Posted by andreag

by Bill Dann, CEO Professional Growth Systems

Those of you who have worked with me in the past know that I place a good deal of emphasis on strong governing boards, particularly  the importance of the CEO-Chairman relationship in maintaining a productive working rapport between the board and management. I thought I might take some time in this issue to delve into why it’s so critical.

The core leadership team

So, why do I refer to this relationship as a “team”. It’s because both parties should be committed to a common purpose. And that purpose is to build and maintain the working relationship between board and management. I would go further to say that they are responsible for that relationship. Those of you who have experienced this relationship breaking down know well its importance.

When I say that the chair and CEO are responsible, I mean that they share (vs. deflect) the blame when the working relationship between board and management declines. It is up to them to find the way to make it work, fix the problems and move it forward.

We all know that relationships are difficult, constantly shifting and requiring real effort. The CEO must be concerned about the quality of relationship with each board member, which, as a side note, is a strong argument for smaller size boards.

How should it work?

The chair is the leader of the board, and the CEO is the leader of the management team. Each is responsible to understand the mindset, concerns, goals and needs of the group they are leading. When either the CEO or chair becomes aware of a concern or threat to the continued productive relationship between board and management, that information needs to be shared with the other party.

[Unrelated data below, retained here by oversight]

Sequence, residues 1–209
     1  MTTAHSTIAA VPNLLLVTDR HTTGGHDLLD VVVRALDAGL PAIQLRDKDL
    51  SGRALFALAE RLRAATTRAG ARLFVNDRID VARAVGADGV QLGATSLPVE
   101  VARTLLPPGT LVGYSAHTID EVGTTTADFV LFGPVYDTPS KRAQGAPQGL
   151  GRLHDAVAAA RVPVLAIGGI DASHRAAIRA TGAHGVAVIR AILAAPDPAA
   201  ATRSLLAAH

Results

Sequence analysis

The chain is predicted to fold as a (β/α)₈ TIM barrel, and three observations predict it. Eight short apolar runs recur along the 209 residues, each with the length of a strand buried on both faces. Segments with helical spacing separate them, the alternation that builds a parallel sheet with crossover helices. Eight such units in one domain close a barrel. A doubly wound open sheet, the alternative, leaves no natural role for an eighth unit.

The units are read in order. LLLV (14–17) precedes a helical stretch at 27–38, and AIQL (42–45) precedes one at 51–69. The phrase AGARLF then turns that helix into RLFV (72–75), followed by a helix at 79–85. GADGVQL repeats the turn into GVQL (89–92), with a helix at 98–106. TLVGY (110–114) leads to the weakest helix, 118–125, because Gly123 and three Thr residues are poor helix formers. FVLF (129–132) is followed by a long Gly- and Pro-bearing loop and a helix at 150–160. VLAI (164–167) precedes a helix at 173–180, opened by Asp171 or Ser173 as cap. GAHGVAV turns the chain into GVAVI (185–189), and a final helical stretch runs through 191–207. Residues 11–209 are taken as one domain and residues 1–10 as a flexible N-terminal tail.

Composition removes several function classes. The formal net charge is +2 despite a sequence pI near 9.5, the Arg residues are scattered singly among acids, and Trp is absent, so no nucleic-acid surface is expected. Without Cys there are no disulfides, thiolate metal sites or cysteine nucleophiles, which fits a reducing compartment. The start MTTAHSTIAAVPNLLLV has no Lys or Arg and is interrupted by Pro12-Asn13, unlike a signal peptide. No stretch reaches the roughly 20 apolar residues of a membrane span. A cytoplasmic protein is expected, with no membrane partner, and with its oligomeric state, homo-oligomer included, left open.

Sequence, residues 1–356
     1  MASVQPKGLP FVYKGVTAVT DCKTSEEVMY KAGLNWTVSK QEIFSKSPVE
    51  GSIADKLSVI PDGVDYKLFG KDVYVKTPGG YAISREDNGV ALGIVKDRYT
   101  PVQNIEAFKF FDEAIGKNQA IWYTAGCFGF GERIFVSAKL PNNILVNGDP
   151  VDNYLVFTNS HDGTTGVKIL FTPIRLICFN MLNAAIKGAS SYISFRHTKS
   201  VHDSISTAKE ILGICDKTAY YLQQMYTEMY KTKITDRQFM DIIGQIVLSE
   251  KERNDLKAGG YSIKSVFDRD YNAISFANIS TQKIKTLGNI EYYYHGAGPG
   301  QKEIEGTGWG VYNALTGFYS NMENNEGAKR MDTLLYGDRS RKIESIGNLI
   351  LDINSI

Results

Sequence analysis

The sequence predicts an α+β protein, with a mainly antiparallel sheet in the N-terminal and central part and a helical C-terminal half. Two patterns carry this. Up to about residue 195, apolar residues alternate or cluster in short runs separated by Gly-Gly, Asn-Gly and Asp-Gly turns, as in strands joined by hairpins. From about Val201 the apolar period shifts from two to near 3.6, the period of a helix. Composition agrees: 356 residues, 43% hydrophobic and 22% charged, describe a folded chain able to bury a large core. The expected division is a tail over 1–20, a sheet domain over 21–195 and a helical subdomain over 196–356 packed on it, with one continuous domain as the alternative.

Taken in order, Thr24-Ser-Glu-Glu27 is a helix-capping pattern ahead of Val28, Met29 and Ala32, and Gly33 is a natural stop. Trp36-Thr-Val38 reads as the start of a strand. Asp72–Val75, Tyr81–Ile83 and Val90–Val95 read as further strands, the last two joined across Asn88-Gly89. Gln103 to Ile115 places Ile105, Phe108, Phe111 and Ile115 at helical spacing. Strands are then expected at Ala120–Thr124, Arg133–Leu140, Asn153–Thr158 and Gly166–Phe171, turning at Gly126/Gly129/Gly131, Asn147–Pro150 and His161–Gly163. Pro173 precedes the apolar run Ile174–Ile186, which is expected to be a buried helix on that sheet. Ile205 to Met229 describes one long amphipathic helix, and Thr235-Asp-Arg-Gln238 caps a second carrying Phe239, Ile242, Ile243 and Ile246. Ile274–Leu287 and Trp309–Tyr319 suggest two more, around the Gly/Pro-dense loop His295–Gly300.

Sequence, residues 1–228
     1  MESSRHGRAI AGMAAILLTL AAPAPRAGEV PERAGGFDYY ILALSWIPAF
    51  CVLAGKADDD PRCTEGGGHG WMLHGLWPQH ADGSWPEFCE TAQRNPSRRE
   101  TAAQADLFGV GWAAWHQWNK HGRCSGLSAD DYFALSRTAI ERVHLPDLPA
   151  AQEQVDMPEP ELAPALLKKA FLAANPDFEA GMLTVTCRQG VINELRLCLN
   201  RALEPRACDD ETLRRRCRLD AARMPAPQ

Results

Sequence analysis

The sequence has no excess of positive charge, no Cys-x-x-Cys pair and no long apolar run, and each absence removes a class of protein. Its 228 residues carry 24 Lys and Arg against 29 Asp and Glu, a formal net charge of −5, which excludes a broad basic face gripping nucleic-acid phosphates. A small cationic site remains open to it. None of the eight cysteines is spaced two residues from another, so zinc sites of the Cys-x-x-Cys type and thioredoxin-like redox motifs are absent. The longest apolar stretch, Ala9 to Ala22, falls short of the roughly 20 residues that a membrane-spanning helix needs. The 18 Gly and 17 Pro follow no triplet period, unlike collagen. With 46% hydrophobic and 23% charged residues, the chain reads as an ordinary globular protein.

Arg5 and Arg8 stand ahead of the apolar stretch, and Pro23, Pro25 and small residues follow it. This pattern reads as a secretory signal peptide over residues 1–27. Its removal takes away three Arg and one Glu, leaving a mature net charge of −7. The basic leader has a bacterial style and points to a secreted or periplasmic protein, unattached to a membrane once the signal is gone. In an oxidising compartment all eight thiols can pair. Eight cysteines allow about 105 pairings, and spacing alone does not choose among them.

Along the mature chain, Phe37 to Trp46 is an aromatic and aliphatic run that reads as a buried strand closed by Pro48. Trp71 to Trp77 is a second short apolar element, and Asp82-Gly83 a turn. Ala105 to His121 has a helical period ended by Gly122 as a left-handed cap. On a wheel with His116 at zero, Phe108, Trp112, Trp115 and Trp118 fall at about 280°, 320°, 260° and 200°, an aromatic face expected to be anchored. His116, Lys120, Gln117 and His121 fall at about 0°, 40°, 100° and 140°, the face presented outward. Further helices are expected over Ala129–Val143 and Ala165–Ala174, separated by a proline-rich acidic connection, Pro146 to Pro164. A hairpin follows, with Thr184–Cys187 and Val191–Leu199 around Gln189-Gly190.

The principle behind the sharing of information? There should be no “surprises” that arise in board meetings. An upset or concern that a board member has should be known by the chair and communicated to the CEO well before the next board meeting. The chair and CEO can then strategize about how to handle it. Give it time, handle it privately or place it on the agenda are some of the options here.

Similarly, a problem or risk arising within operations and management of the organization should be shared with the chairman. Why? Because board members may get wind of it outside of the meeting and potentially feel betrayed if they are not told about it by the CEO.

The CEO and chair jointly go through each of these potential upsets in the working relationship and come to agreement on whether it needs to be discussed at the board meeting at this point or worked out by the chair or CEO individually. Using this method, when an operations concern or problem does arise at a board meeting, the chair is able to say that the CEO has discussed the issue with the chair and it has been decided to not concern the board with it at this time. The same holds true for concerns of board members. Those should be shared with the CEO so that if they arise at a board meeting, the CEO is not blindsided, has already had time to do his own investigation of the matter and has communicated with the chair about it.

Conference Room

Why is this important?

What erodes the working relationship between board and management is the withholding of information. CEO’s become upset when concerns of the board members are not known and suddenly arise at board meetings. The same is true of operational problems that get out of hand and become large issues. What always comes to mind by both parties in either situation is, “why didn’t I know about this before now?” The “not knowing about this” plants the seeds of distrust. If not handled, it can put the working relationship between board and management at risk.

Best practices

What I have seen work best is for the chair and CEO to meet at least every two weeks. They commit to a partnership for purposes of maintaining the board-management working relationship and to the principle of “no surprises”. Each has the other’s back. The CEO commits to having the board succeed and heeding suggestions from the chair on how to support that. The same commitment is made by the chair to the CEO.

Too far gone?

If you are stuck in distrust because you haven’t done this in the past, or if situations have fostered a long line of disappointments and conflict, consider using a coach/facilitator to get you back on track. If you would like such assistance or want to talk about it, feel free to call at 877-276-4414 or send us an e-mail.